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When Big Companies Do Good Things (Hint: Montblanc Helps Empower Public High School Students Through Urban Arts Partnership)

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About six years ago, Jan-Patrick Schmitz, President and CEO of Montblanc North America discovered an interesting request on his desk. Montblanc was asked to support Urban Arts Partnership and their unique program, 24 Hour Plays. Urban Arts Partnership is a miraculous organization, which brings a variety of innovative arts programs to more than 12,000 students in undeserved New York City public schools, especially where arts programs are cancelled.

During 24 Hour Plays, talented actors (think Jennifer Aniston, Justin Bartha, Elijah Wood, Rosie Perez, Sarah Silverman, Rachel Dratch, Billy Crudup, Megan Fox, Gabourey Sidibe, Jesse Eisenberg, Kathy Najimy and countless others) and equally famous playwrights meet on a Sunday while casts are determined. Then each playwright spends the night composing a ten-minute play. The following morning, directors select their pieces, the cast rehearses all day and the shows are performed at 8 p.m. in front of a live, paying audience on a Broadway stage. This theater marathon has helped Urban Arts Partnership raise millions.

"I didn't believe that within 24 hours, you could do all this," recalls Schmitz. "But I got in touch, learned about the program, loved it and made a one-year commitment." Five years later, Montblanc is still passionately devoted to Urban Arts. "When the recession came in 2008 and 2009, I figured when the sun shines, people happily hand out umbrellas. But when the rain comes, the umbrellas go," he explains. "I believed that if we pulled our support to Urban Arts, it would be pretty devastating to the organization in the times we all were in."

So Montblanc renewed its dedication to 24 Hour Plays, increased support and directly funded some of the Urban Arts programs. "If you give these students opportunity, they can build their personality and make a difference," says Schmitz. "It all comes down to being given an opportunity to shine."

I wanted to learn more about Schmitz and Montblanc's fierce loyalty to Urban Arts Partnership.

Q: In addition to the 24 Hour Plays, doesn't Urban Arts have a Master Class program?

Jan-Patrick Schmitz: Yes. The idea is to tap into the talent of professional actors, writers and directors and invite them to go into a school, spend two hours on a master class, share some of their experience and skills and teach these young students. I remember getting my first camera when I was five years old. That had such an impact on me. I'm actually an avid photographer now. At end of the day, it all comes down to opportunity. If you're willing to learn and given the opportunity, there's no limit to what you can achieve.

Q: Were you personally involved several Master Classes?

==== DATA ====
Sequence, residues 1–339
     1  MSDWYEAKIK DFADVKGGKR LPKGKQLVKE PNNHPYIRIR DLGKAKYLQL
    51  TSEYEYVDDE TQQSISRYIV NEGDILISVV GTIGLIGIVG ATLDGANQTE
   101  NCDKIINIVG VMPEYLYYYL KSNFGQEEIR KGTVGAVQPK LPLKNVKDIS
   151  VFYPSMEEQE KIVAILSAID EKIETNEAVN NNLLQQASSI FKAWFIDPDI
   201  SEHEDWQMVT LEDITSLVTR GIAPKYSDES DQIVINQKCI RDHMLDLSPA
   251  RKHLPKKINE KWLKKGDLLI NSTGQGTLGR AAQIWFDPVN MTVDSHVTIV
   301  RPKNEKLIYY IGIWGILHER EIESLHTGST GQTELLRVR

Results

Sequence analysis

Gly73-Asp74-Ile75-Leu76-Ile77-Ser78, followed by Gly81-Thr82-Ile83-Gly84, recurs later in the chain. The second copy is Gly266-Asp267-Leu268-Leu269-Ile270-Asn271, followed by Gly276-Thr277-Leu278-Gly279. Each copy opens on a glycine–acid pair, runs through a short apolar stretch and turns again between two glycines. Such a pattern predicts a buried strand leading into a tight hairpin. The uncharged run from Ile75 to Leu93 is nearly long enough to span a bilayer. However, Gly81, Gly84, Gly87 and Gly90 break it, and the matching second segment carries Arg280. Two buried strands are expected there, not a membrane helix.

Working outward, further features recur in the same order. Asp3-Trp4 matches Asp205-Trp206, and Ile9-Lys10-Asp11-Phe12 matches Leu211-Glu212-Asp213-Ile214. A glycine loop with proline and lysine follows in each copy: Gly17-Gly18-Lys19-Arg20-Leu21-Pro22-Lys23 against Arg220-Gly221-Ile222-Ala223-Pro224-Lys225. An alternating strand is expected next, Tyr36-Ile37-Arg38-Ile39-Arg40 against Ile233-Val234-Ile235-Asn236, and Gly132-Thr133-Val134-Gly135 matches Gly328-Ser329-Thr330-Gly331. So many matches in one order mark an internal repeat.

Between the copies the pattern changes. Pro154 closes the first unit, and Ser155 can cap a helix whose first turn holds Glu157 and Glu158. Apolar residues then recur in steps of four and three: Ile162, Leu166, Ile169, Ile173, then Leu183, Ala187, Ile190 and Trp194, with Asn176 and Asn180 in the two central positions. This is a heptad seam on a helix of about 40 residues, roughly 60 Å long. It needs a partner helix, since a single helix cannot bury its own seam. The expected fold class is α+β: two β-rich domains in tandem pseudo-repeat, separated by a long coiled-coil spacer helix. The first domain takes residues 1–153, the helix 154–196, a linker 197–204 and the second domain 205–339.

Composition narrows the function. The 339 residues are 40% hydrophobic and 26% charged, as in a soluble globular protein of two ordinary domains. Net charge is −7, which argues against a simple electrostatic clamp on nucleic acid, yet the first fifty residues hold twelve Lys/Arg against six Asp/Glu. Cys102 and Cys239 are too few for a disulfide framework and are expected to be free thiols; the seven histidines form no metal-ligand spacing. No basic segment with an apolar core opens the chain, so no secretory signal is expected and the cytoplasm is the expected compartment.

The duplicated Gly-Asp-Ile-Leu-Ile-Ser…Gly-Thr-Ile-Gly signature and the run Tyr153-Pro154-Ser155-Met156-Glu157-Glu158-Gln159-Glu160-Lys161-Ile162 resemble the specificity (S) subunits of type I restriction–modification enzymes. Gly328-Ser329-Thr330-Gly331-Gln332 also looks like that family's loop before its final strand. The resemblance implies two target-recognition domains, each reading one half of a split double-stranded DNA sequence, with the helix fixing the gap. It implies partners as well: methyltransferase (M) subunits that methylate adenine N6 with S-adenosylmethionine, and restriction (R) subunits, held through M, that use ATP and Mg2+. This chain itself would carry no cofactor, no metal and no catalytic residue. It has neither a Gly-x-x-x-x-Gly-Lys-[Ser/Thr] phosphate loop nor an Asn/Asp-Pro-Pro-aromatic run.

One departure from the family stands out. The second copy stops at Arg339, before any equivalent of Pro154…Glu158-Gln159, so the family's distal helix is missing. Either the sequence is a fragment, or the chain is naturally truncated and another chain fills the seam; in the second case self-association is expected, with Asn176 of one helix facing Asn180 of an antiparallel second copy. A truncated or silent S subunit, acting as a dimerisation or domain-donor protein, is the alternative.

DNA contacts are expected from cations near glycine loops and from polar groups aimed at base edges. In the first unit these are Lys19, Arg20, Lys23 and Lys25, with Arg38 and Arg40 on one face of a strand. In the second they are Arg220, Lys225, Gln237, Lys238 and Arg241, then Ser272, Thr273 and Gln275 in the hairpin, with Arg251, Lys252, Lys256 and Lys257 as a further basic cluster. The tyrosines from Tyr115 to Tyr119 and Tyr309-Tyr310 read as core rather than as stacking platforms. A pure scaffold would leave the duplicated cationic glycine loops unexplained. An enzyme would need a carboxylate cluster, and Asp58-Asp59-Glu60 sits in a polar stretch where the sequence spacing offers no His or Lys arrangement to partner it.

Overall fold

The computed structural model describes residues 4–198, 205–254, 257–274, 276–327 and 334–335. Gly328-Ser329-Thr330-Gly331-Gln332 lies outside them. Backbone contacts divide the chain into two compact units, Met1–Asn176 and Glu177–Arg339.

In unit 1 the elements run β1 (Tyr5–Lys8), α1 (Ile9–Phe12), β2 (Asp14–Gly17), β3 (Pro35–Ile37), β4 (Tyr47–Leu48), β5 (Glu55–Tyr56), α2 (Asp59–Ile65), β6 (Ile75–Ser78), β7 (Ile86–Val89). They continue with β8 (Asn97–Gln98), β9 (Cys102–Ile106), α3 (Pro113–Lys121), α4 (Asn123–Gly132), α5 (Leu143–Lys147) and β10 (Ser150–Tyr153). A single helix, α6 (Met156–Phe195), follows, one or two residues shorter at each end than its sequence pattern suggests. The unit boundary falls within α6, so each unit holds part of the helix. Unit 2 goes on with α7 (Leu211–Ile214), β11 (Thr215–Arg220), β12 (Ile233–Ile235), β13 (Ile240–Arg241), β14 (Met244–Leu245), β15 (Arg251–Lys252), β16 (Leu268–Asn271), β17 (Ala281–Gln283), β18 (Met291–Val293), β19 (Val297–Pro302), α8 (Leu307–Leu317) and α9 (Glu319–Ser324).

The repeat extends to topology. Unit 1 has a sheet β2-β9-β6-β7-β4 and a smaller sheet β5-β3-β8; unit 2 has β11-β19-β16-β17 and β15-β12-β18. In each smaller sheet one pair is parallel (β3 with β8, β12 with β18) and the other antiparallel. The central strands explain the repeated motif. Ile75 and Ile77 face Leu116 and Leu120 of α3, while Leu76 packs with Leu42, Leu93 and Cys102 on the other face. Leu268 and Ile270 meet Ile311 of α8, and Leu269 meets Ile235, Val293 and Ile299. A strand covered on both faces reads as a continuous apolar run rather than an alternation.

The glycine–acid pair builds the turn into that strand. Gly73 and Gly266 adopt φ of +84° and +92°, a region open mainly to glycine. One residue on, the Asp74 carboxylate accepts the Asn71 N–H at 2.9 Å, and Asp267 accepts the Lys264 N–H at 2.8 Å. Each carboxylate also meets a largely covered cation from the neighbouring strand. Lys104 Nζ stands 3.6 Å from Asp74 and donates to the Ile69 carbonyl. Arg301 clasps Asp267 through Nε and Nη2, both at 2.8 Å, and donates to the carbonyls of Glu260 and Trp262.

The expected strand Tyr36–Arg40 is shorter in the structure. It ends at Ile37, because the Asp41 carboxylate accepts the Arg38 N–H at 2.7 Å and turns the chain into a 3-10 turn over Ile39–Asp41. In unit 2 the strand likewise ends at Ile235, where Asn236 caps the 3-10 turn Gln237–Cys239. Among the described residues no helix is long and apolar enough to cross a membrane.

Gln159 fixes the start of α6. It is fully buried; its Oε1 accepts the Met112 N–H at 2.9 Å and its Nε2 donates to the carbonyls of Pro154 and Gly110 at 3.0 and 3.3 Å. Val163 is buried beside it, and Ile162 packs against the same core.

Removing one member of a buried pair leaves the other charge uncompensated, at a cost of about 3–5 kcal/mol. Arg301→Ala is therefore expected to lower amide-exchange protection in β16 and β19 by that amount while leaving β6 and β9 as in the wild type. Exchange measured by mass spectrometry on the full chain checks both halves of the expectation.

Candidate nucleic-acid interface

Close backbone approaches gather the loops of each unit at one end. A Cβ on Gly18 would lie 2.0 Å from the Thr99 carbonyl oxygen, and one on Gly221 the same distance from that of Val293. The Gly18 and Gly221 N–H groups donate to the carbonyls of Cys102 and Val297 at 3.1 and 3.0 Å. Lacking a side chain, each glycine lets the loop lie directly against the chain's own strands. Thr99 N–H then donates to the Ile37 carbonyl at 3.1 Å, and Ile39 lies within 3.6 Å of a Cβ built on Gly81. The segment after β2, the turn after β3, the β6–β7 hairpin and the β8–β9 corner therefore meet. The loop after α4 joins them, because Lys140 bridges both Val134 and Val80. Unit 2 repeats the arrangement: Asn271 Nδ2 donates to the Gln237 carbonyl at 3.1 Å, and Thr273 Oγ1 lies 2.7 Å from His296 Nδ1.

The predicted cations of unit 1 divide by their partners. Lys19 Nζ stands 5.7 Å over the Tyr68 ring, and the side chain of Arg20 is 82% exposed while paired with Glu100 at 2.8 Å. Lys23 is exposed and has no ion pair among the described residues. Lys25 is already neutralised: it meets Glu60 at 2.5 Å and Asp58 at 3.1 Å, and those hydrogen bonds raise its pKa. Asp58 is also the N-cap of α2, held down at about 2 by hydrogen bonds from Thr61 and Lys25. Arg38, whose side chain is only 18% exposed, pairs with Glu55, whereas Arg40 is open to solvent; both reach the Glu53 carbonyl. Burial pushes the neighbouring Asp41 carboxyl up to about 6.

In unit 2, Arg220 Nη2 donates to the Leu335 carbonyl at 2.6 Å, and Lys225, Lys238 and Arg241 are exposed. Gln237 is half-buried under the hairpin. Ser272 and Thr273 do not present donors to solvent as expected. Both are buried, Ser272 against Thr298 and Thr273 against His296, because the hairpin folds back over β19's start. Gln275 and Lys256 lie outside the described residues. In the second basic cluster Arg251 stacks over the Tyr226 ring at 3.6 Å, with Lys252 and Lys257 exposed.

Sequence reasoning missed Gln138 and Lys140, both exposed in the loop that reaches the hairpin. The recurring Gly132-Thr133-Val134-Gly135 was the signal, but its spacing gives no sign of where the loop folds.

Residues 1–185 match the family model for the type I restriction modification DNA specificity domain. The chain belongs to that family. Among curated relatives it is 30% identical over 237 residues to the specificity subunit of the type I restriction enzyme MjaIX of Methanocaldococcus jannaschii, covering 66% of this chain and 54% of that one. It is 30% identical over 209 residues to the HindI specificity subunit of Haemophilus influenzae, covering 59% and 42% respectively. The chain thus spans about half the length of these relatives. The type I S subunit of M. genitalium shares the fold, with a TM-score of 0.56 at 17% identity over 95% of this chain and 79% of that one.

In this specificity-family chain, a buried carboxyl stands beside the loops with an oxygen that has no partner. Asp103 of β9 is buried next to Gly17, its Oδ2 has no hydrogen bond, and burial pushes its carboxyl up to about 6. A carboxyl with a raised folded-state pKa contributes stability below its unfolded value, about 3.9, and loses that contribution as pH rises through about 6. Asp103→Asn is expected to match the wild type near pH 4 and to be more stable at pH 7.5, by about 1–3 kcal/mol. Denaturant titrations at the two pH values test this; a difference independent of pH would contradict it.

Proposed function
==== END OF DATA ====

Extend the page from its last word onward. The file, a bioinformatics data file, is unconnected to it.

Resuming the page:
Jan-Patrick Schmitz: I was. I invited authors and editors, including Lewis Lapham, who was the editor of Harper's Magazine. We met with high school students to go through Mark Twain's writing, including his Open Letter to Commodore Vanderbilt, and discovered how it could influence their writing. We did a contest and one of the winners, Anthony Naranjo, who subsequently finished high school, was admitted to the Elmira college, received a $50,000 Mark Twain scholarship.

On top of that, Anthony wrote a short piece for the recent 2011 Young Writers Project, and won. {That meant that Naranjo was given the opportunity to write his own short play and have it performed in the 24 Hour Plays on Broadway last year.} One of the dreams of Urban Arts is to give a chance to an alumnus of the program to be involved in 24 Hour Plays.

Q: Did you ever conduct a Master Class?

Jan-Patrick Schmitz: I actually used my photography background and did a Master Class at the Urban Assembly Gateway School for Technology. I talked about some of the principles of photography: light and shadow, how to manipulate light and what to look for. I shared my passion for photography and by the end of the two-hour session and the students and I were totally merged. We set up a photography studio and I worked with the kids giving them feedback on their images that they took during the day.

Q: What else amazes you about Urban Arts Partnership?

Jan-Patrick Schmitz: They use very creative approaches to memorize content. For example, Fresh Prep actually puts part of the high school curriculum into Hip Hop music {so the kids can review content tested on the New York State Regents exams}. It allows some of the kids who have difficulties just memorizing these facts and figures through normal studies to actually learn through music. Urban Arts really gives these students a stage to help them shine.

For more information about Urban Arts Partnership, visit, www.urbanarts.org